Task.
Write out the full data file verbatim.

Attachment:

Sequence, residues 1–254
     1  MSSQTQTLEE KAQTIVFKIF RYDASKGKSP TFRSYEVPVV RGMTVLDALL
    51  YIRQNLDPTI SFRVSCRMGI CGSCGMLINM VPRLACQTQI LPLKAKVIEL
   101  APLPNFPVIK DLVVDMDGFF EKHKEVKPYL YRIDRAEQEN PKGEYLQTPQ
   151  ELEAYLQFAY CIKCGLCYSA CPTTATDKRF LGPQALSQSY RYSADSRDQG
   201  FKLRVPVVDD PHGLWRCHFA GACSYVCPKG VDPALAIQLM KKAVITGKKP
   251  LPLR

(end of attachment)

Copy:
Sequence, residues 1–254
     1  MSSQTQTLEE KAQTIVFKIF RYDASKGKSP TFRSYEVPVV RGMTVLDALL
    51  YIRQNLDPTI SFRVSCRMGI CGSCGMLINM VPRLACQTQI LPLKAKVIEL
   101  APLPNFPVIK DLVVDMDGFF EKHKEVKPYL YRIDRAEQEN PKGEYLQTPQ
   151  ELEAYLQFAY CIKCGLCYSA CPTTATDKRF LGPQALSQSY RYSADSRDQG
   201  FKLRVPVVDD PHGLWRCHFA GACSYVCPKG VDPALAIQLM KKAVITGKKP
   251  LPLR